Quotations About / On:
A man's growth is seen in the successive choirs of his friends. For every friend whom he loses for truth, he gains a better.
(Ralph Waldo Emerson (1803-1882), U.S. essayist, poet, philosopher. "Circles," Essays, First Series (1841, repr. 1847).)
'Be a friend of the society and Earth first before you become a friend to your friends. It's like choosing to fight for your nation first before risking yourself for your child.'
Best friend, my well-spring in the wilderness!
(George Eliot [Mary Ann (or Marian) Evans] (1819-1880), British novelist. The Spanish Gypsy, bk. 3 (1868).
Pseudonym of Mary Ann (or Marian) Evans.)
Since we hate the same people, we should be friends.
(Mason Cooley (b. 1927), U.S. aphorist. City Aphorisms, Fifth Selection, New York (1988).)
You think you can marry for your own pleasure, friend?
(Molière [Jean Baptiste Poquelin] (1622-1673), French comic playwright. Mascarille, in The Amorous Quarrel (Le Dépit Amoureux), act 5, sc. 8 (1656).)
Ladies and gentleman are permitted to have friends in the kennel, but not in the kitchen.
(George Bernard Shaw (1856-1950), Anglo-Irish playwright, critic. "Maxims for Revolutionists: Servants," Man and Superman (1903).)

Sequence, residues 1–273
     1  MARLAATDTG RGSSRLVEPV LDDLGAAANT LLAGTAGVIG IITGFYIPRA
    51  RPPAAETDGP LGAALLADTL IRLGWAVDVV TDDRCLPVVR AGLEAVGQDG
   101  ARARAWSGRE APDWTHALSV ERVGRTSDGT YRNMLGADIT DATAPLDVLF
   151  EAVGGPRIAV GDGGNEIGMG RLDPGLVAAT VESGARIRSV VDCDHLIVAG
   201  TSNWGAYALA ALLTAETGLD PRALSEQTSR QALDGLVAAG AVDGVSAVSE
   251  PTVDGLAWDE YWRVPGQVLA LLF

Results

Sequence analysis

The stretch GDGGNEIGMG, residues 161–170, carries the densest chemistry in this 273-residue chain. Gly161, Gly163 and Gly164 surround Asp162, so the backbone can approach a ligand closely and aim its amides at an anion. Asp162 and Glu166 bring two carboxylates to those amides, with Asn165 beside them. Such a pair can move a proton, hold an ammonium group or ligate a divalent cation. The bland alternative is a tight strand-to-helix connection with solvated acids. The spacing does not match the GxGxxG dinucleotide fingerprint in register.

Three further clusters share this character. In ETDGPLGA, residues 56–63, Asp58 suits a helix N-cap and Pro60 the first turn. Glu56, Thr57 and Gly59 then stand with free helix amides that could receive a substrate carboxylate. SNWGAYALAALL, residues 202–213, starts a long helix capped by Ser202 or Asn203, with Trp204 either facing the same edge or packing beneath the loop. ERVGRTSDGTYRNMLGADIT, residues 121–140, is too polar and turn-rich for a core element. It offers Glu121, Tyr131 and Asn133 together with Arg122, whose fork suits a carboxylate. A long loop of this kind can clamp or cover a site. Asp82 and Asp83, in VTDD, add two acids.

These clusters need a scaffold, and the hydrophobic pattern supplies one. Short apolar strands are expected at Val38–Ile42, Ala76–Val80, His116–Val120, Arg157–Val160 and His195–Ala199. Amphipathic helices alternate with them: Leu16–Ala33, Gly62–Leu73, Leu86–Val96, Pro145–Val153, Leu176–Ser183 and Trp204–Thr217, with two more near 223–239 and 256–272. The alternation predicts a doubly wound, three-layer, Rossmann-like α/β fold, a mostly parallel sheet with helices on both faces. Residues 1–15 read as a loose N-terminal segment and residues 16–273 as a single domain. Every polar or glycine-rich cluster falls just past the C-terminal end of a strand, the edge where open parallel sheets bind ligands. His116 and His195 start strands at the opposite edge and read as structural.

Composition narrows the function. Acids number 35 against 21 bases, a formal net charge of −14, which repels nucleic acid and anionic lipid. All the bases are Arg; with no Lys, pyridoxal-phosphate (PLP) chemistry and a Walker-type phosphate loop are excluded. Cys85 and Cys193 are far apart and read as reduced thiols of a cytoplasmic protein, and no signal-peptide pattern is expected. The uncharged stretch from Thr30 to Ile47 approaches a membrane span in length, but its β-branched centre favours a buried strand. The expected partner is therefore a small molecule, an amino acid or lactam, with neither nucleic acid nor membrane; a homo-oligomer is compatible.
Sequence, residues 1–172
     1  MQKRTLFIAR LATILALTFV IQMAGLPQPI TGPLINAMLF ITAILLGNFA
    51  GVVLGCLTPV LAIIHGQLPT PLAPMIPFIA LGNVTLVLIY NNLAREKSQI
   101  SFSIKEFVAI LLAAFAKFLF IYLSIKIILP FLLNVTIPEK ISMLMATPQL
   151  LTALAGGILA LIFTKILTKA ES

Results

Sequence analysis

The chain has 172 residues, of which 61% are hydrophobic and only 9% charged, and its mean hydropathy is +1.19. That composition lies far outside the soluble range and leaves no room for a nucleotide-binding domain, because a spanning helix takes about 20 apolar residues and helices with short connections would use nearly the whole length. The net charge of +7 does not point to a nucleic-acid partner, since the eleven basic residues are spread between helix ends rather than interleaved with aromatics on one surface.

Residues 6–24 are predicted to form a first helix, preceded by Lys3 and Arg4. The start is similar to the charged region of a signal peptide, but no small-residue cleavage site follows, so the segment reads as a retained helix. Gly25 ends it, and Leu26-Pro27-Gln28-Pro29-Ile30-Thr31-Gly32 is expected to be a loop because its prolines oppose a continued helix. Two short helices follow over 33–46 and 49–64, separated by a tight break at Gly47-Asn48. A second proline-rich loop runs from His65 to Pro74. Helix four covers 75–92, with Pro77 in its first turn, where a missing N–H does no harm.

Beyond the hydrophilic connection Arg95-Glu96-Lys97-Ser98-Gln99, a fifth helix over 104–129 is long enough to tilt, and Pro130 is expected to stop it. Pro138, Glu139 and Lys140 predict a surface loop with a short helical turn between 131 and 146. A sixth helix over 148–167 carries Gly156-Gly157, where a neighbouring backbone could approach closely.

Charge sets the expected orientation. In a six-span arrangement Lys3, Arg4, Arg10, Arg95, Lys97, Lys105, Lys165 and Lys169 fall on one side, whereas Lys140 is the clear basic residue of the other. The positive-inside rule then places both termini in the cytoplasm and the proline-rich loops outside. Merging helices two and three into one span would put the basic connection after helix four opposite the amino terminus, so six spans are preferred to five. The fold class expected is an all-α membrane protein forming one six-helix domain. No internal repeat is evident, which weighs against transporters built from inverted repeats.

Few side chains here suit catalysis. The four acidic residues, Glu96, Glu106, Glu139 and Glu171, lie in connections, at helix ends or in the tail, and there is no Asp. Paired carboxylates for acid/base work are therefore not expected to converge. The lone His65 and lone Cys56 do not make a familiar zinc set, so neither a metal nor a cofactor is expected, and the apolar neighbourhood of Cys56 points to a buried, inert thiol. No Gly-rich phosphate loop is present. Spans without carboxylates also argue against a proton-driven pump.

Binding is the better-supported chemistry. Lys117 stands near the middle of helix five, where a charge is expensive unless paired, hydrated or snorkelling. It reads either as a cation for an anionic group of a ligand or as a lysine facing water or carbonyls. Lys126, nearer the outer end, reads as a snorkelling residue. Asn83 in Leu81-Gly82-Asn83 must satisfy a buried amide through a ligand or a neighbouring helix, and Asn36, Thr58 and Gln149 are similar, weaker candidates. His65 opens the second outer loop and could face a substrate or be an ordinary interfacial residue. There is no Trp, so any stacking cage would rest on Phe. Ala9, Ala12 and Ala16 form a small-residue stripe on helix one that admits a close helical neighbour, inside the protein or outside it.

We should not talk about our friends: otherwise we will talk away the feeling of friendship.
(Friedrich Nietzsche (1844-1900), German philosopher, classical scholar, critic of culture. Friedrich Nietzsche, Sämtliche Werke: Kritische Studienausgabe, vol. 2, p. 489, eds. Giorgio Colli and Mazzino Montinari, Berlin, de Gruyter (1980). Mixed Opinions and Maxims, aphorism 252, "Silentium," (1879).
The Latin word silentium in the title means "silence.")
A good book is the best of friends, the same today and for ever.
(Martin Tupper (1810-1889), British author, poet, inventor. Proverbial Philosophy, "Of Reading," First Series (1838).)
Sometimes we can't avoid giving pain, even to friends.
(Kenneth Langtry. Herbert L. Strock. Margaret (Phyllis Coates), Teenage Frankenstein, apologizing to the monster for hurting him with an injection (1957).)
Only my friends call me wop.
(Daniel Taradash (b. 1913), U.S. screenwriter. Maggio (Frank Sinatra), From Here To Eternity, to Fatso (Ernest Borgnine) (1953).)